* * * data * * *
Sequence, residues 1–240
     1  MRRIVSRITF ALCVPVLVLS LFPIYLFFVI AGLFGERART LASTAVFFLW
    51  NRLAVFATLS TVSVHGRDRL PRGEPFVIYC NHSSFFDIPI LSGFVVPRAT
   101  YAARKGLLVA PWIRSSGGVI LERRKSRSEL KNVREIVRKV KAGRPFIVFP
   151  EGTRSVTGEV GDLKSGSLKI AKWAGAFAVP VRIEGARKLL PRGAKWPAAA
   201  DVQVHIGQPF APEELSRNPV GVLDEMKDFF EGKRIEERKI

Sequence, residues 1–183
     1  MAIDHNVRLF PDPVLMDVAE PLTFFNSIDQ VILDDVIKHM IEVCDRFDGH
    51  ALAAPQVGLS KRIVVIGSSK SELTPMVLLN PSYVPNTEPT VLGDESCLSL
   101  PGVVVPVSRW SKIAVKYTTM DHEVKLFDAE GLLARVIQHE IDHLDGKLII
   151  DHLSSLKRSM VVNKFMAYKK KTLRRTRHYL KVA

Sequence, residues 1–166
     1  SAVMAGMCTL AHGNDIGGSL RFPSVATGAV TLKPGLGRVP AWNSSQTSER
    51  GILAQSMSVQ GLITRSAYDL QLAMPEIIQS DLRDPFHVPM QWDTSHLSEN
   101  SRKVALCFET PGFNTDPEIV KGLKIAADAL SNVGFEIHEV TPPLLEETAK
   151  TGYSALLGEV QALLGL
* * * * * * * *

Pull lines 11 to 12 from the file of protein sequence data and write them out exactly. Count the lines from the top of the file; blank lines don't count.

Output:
   151  DHLSSLKRSM VVNKFMAYKK KTLRRTRHYL KVA

Sequence, residues 1–166